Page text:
A former nurse who co-founded and once ran the cult-like NXIVM group — where prosecutors say women were brainwashed, branded like animals and coerced into sex — was sentenced Wednesday to 42 months in prison, though she won’t be locked up until January.
Nancy Salzman, the former president and co-founder of NXIVM, must also pay a $150,000 US fine, U.S. District Judge Nicholas Garaufis said. She has agreed to forfeit more than $500,000 US in cash, several properties and a Steinway grand piano.
More than three dozen Canadians were part of a lawsuit against the organization’s inner circle.
Vancouver’s Sarah Edmondson sued the leaders of NXIVM — along with two heiresses of the Seagram’s liquor fortune — for emotional and financial harm the actress claims to have suffered as a result of being intimidated and harassed, as well as being branded with the initials of group’s leader, Keith Raniere.
On Wednesday, Salzman was found guilty of crimes including conspiracy to commit identity theft and hacking into emails.
Salzman was ordered to report to prison by Jan. 19. Her lawyers said she has been caring for her ailing mother.
At the end of January, a nearly 200-page court document revealed details about the extent to which Canadians were allegedly involved in NXIVM (pronounced nex-ee-um) and its offshoots. It claimed the group filed reports with Vancouver police to silence opponents.
At its height, NXIVM had thousands of members in New York, Vancouver and Los Angeles.
Edmondson, who belonged to the organization for 12 years, was a co-founder of the Vancouver chapter.
But she was also the first to go public about her recruitment and initiation into a secretive inner circle of female members described by prosecutors as “slaves” to Raniere, who was called “Vanguard” by NXIVM followers.
Raniere, 58, was convicted of sex trafficking in New York and sentenced last October to 120 years — or effectively life — in prison.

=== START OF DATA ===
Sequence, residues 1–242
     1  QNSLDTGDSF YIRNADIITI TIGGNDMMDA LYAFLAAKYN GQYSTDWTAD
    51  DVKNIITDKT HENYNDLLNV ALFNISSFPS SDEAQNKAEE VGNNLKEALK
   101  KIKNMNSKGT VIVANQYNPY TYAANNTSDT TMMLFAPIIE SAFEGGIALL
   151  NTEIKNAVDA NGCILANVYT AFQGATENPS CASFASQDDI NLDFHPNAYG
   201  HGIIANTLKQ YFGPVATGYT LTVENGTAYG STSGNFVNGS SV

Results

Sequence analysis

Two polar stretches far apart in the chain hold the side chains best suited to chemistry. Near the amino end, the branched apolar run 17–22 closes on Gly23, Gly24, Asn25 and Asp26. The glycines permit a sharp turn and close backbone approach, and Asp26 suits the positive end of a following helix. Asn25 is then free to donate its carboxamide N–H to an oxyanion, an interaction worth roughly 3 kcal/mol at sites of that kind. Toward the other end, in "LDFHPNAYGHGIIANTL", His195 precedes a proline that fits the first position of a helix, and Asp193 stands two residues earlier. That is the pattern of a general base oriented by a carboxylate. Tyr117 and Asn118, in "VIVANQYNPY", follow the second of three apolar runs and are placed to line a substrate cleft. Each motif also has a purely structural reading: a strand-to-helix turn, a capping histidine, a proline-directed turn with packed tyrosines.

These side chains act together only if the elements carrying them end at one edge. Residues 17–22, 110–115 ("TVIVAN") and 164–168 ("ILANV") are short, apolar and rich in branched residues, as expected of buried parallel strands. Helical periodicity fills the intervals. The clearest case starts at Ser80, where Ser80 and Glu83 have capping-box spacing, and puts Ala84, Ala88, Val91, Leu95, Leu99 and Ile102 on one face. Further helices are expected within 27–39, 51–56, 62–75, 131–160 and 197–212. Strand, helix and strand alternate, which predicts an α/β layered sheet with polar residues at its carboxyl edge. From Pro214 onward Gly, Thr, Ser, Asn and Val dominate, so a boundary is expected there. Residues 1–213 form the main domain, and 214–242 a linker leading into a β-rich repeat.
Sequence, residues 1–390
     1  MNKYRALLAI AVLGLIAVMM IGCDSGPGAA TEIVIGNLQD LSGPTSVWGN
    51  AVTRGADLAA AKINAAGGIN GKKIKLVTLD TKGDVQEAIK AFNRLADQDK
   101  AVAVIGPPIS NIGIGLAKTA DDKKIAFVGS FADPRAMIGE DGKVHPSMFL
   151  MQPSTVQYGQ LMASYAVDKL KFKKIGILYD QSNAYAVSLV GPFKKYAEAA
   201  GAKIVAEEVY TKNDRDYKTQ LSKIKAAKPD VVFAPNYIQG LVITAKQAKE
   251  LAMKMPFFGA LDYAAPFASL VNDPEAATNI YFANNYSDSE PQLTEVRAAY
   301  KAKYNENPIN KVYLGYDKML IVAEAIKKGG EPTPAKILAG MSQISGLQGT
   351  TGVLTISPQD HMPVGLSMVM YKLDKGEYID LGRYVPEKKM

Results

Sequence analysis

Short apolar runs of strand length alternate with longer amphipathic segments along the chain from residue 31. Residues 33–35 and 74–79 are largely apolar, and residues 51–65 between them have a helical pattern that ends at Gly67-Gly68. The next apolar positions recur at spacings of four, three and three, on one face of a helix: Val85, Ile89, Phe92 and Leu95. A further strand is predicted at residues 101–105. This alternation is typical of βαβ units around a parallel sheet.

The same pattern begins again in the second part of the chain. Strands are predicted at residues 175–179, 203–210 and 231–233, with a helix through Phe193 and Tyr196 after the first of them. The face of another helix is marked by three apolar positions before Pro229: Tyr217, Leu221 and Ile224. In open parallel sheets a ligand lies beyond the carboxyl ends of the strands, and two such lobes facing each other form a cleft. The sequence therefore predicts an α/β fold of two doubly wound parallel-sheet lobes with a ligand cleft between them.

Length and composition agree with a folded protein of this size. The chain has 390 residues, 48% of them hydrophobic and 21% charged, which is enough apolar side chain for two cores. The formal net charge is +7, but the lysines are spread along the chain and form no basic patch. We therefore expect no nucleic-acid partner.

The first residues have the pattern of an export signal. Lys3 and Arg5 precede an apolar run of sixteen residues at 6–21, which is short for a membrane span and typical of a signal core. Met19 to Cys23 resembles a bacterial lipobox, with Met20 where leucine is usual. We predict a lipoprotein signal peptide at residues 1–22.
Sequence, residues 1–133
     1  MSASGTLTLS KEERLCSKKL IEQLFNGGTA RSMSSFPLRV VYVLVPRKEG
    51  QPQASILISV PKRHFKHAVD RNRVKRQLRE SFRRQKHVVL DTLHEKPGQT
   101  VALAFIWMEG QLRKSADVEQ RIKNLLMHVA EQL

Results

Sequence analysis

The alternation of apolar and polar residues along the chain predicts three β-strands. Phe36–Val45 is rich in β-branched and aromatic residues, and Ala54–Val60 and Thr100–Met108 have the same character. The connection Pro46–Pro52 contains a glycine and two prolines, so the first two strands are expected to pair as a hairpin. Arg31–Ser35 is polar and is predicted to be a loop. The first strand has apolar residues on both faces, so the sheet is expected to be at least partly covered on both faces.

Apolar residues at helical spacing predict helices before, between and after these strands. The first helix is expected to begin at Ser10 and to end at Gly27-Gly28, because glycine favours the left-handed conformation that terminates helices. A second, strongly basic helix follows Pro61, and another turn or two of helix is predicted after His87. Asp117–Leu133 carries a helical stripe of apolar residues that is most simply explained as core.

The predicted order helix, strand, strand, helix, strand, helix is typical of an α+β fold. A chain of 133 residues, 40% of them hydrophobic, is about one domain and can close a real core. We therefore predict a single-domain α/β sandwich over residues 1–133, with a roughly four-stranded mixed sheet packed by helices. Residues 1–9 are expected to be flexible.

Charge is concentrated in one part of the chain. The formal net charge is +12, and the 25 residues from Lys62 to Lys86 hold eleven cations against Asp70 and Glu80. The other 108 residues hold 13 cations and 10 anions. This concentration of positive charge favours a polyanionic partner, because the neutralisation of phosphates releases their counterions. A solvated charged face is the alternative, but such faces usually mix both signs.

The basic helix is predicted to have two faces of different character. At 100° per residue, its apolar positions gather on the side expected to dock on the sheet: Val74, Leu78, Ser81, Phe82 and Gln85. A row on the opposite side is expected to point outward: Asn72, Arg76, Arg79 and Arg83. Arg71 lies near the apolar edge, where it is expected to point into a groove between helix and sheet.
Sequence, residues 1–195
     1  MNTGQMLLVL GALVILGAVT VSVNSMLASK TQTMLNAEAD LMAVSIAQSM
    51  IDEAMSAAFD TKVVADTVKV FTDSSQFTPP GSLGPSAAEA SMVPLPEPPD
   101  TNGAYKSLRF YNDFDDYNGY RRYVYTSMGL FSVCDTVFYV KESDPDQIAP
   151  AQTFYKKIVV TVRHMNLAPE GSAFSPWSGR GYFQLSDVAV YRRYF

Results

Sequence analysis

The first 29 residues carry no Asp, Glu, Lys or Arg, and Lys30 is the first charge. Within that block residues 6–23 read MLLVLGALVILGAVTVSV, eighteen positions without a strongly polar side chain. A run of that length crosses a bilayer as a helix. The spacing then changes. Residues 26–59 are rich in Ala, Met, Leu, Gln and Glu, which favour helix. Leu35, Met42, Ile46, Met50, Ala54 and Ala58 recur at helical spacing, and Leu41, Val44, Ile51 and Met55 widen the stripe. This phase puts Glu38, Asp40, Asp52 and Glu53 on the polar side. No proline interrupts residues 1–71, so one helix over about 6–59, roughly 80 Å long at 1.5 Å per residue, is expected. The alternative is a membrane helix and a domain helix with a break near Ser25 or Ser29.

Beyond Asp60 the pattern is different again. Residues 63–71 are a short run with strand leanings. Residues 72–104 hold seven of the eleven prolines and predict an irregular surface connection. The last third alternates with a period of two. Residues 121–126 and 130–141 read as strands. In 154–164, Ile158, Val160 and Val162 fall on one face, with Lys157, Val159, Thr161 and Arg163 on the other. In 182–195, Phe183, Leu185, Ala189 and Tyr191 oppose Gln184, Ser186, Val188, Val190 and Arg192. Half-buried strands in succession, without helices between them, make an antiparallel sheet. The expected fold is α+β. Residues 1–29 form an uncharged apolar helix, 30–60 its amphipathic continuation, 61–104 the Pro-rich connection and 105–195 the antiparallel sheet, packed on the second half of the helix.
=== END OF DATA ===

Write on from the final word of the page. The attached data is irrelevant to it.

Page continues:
Under Raniere’s spell
Speaking in Brooklyn federal court, Salzman, 67, said she fell under Raniere’s spell when they started working together 20 years ago, and that she started rationalizing and overlooking the wrongdoing she saw around her.
She offered an apology to everyone she’s hurt. “I don’t know that I can ever forgive myself,” she said.
Salzman — known within the Albany, N.Y.-based group as “Prefect” — pleaded guilty in March 2019 to charges of racketeering conspiracy that involved conspiracy to commit identity theft and conspiracy to obstruct justice. She was one of the first in the group’s leadership to plead guilty to criminal charges.
Spied on perceived enemies
At that time, a tearful Salzman said she got mixed up with Raniere, a self-improvement guru and self-professed spiritual leader, because she wanted to help people improve their lives but that she ended up losing her way by helping spy on perceived enemies who sought to expose the group as a cross between a pyramid scheme and a cult.
At Salzman’s sentencing, Garaufis said she had positioned herself alongside Raniere “atop the NXIVM pyramid” and “left trauma and destruction” in her wake.
“In her misguided loyalty and blind allegiance to Keith Raniere, the defendant engaged in a racketeering conspiracy designed to intimidate NXIVM’s detractors and that inflicted harm on NXIVM’s members,” acting U.S. attorney Jacquelyn Kasulis said in a statement after Salzman’s sentencing.
The group attracted millionaires, including Seagram’s liquor heir Clare Bronfman, and Hollywood actors, including Allison Mack of TV’s Smallville.
Bronfman was sentenced a year ago to nearly seven years in prison.
Mack was sentenced in June to three years in prison. Salzman’s daughter, Lauren Salzman, was sentenced in July to five years of probation and ordered to perform 300 hours of community service for her role in the group.
Nancy Salzman’s crimes involved stealing identities of the group’s critics and hacking into their email accounts from 2003 to 2008, prosecutors said. She was also accused of conspiring to doctor videos showing her teaching NXIVM lessons before the recordings were turned over to plaintiffs in a New Jersey lawsuit against the group.
An NXIVM bio of Salzman posted on the internet said she was a consultant to New York state and major corporations “until she met Keith Raniere and discovered an approach to personal growth that yielded powerful and permanent results.”